Two main issues stand out to me. One, which the SB Nation writer discussed with me but didn't make it into the article, is the likelihood of a team with the Blue Jackets', shall we say, non-illustrious history going on such a long winning streak. As I wrote in my book Hot Hand, "many of the most famous streaks... have been compiled by athletes and teams who are among the all-time greats in their respective sports" (p. 5). Examples cited include Kobe Bryant, Joe DiMaggio, and Tiger Woods. As the late Harvard paleontologist Stephen Jay Gould once wrote, "Long streaks always are, and must be, a matter of extraordinary luck imposed upon great skill."

The Blue Jackets hardly seem to be the kind of winning franchise, upon which only a little luck would have to be added to produce a long string of victories. Columbus has made only two playoff appearances in the 16 years of franchise history, most recently in 2013-14. At the risk of overstatement, a Blue Jackets' winning streak would be like hearing that a run of 50 consecutive made free throws belonged to Shaq O'Neal rather than Steph Curry.*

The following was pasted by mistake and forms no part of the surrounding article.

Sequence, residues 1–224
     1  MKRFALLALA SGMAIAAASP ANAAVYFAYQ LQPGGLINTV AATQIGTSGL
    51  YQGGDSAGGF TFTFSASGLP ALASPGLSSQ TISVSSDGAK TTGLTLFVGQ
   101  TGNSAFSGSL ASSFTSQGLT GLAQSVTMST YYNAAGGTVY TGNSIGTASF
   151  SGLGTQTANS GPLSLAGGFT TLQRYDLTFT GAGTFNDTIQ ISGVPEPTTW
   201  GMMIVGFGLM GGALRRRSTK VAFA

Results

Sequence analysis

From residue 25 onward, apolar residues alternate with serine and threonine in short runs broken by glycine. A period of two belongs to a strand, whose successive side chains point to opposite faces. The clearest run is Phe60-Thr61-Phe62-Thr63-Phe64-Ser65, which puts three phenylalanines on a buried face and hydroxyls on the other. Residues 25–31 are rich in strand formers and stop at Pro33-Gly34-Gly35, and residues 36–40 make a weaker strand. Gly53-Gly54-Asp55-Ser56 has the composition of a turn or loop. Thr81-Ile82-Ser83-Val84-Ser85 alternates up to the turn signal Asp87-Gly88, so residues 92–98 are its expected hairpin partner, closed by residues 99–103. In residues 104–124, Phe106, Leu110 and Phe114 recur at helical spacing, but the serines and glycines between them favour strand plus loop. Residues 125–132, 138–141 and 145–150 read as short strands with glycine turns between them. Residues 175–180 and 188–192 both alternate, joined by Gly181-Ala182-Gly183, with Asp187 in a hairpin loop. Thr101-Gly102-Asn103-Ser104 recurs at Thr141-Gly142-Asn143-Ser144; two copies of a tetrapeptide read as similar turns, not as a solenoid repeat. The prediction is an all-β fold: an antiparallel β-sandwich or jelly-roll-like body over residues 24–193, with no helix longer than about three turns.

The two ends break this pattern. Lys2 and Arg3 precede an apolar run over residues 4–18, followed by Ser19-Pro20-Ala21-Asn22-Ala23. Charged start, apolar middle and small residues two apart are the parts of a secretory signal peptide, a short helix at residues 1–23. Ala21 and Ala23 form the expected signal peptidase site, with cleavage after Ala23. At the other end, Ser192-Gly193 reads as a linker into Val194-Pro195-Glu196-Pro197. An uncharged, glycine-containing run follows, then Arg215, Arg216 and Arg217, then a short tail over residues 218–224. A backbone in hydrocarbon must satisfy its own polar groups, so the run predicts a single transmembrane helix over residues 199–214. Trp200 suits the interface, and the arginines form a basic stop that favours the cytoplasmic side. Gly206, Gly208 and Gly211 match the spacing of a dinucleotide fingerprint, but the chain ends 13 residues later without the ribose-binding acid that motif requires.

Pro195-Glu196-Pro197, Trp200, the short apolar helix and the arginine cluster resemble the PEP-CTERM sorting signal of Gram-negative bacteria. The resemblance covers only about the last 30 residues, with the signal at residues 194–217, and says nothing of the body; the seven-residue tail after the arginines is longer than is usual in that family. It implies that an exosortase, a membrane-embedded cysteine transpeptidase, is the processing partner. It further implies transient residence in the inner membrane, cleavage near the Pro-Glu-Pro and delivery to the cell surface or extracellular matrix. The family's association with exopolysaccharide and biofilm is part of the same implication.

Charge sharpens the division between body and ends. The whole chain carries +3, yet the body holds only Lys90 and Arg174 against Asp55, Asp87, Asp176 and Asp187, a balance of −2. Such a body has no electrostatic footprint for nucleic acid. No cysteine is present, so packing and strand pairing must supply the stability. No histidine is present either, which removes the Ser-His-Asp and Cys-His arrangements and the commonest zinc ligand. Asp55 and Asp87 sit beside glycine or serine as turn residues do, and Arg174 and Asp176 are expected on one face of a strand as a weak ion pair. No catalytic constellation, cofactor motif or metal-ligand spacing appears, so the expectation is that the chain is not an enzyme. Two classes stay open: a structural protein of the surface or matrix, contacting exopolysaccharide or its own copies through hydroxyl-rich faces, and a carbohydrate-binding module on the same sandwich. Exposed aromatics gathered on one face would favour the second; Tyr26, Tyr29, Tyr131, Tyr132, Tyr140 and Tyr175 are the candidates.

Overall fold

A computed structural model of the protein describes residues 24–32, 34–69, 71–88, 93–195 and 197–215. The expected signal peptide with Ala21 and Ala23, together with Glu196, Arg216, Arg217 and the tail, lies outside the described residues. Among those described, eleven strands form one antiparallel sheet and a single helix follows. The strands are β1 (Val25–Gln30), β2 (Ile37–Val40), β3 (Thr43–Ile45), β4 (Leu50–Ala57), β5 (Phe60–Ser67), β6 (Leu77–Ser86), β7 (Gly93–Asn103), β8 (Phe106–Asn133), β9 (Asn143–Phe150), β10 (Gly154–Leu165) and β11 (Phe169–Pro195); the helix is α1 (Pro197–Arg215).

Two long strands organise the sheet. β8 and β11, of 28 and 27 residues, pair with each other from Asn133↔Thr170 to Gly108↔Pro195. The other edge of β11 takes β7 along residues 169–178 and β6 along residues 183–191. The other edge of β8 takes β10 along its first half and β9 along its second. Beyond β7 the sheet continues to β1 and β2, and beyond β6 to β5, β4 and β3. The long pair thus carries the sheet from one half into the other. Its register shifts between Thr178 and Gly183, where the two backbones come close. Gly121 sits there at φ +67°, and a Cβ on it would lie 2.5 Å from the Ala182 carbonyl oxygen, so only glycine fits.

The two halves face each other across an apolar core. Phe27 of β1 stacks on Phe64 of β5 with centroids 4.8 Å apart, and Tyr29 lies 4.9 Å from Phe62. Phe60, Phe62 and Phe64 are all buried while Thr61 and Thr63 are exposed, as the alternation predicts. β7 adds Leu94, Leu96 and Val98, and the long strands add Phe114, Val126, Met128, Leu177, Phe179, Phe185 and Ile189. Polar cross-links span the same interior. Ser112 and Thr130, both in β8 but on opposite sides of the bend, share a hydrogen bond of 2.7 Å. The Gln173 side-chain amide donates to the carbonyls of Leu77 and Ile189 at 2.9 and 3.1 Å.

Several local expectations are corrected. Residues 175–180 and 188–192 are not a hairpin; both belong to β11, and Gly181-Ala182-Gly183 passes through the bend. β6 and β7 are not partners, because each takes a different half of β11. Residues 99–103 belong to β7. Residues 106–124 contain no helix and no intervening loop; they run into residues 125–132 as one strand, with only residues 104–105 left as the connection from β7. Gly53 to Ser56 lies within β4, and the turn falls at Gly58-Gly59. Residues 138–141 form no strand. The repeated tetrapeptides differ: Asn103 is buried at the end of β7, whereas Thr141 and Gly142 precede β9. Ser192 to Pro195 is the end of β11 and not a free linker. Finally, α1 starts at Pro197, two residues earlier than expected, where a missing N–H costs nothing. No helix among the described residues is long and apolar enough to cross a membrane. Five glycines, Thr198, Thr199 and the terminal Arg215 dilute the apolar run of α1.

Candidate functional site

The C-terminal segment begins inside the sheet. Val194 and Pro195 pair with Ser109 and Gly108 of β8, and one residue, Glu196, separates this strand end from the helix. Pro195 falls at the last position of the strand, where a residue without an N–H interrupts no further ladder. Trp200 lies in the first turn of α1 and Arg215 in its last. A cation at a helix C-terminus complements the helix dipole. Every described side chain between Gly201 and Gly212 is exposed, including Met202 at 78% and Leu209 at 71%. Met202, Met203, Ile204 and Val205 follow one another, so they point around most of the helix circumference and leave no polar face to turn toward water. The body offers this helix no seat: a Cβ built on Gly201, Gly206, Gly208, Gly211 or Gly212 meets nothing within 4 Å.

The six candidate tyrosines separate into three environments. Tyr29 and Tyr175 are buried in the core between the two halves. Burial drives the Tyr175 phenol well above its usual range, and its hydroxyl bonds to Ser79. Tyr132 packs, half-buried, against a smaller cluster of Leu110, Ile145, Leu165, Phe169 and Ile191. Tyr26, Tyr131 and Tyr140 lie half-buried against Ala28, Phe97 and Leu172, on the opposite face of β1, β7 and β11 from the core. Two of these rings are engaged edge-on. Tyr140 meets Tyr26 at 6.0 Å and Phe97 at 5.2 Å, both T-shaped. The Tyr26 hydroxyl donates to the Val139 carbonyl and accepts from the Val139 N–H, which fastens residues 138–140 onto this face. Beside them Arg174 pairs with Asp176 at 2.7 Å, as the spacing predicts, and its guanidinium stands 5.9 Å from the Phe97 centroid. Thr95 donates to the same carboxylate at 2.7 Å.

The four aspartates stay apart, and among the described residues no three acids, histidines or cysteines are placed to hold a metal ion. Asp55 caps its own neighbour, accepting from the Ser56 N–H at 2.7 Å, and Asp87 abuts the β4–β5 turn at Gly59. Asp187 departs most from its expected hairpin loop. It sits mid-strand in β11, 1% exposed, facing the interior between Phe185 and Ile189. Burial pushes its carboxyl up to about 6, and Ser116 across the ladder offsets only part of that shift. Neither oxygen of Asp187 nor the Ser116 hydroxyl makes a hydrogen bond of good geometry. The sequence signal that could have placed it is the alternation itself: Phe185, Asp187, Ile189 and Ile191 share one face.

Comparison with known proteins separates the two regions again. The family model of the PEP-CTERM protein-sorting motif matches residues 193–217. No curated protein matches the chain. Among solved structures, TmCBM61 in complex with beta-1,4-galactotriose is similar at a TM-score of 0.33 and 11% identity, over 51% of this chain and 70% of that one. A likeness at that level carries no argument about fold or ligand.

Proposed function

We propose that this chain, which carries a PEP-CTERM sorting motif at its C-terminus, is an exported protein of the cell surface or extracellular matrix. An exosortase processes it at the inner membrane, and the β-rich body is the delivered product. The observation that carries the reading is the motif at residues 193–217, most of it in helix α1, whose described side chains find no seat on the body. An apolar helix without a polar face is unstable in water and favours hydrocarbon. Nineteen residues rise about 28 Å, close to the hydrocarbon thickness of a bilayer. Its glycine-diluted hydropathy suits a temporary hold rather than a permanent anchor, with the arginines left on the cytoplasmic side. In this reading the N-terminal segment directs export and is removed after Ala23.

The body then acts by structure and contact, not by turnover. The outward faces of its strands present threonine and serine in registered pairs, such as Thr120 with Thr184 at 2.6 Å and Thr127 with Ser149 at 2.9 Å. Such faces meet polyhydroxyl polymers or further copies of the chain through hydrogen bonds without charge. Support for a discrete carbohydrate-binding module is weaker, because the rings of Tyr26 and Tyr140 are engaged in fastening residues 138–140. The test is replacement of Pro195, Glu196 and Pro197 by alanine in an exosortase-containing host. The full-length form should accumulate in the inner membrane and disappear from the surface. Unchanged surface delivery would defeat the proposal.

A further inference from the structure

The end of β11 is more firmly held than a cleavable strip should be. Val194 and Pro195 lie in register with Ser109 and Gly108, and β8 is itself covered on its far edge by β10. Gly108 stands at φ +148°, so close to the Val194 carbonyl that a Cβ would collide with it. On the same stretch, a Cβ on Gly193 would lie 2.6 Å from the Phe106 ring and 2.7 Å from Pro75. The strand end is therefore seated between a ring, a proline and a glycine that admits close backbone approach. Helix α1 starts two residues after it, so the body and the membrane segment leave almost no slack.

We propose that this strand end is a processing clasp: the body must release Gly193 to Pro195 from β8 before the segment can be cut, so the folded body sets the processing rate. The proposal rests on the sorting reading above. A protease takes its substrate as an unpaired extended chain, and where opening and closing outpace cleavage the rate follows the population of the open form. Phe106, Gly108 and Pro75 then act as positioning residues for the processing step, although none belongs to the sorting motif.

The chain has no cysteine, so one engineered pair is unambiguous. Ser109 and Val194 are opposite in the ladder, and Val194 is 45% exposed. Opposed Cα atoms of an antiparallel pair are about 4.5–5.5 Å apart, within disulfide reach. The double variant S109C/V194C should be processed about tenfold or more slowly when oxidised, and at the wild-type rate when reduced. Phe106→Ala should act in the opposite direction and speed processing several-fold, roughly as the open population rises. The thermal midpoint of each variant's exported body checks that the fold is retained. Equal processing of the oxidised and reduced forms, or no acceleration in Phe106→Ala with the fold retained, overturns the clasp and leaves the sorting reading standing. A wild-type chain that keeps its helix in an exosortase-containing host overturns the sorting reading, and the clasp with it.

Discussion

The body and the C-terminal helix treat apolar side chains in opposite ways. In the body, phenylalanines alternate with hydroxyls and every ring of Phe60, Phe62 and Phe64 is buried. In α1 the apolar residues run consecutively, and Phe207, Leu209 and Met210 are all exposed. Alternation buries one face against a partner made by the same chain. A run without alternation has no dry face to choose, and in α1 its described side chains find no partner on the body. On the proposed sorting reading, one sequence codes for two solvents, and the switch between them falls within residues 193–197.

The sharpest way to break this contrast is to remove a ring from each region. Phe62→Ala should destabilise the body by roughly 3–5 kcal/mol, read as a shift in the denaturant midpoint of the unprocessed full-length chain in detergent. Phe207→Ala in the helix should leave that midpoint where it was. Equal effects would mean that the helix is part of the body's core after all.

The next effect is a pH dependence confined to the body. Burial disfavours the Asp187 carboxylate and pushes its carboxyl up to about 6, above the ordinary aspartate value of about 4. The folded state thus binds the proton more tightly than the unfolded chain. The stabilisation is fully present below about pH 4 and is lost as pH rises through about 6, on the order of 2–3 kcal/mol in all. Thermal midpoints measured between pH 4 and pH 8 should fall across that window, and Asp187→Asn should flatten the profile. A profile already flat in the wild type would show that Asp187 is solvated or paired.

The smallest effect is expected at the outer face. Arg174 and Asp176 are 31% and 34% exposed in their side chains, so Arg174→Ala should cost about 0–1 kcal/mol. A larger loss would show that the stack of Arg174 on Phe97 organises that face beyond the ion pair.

The second issue, pertaining to on-the-rink statistics, involves shots on goal. Because goals are rare in hockey, analysts typically focus instead on teams' shot-on-goal totals, which turn out to be a good measure of puck possession (see the new book Stat Shot: The Ultimate Guide to Hockey Analytics, by Rob Vollman and colleagues, for further discussion).

As shown here, in games before the streak, Columbus and its opponents were each taking roughly 50% of the shots (see the columns marked Corsi, Fenwick, and Shots For). During the streak, in contrast, the Blue Jackets have around 54% of the shots in their games and their opponents, 46%. Aggregate shot totals can be misleading, however, because of score effects, the phenomenon of a trailing team bombarding the opposing net with desperation shots in an attempt to get back in the game.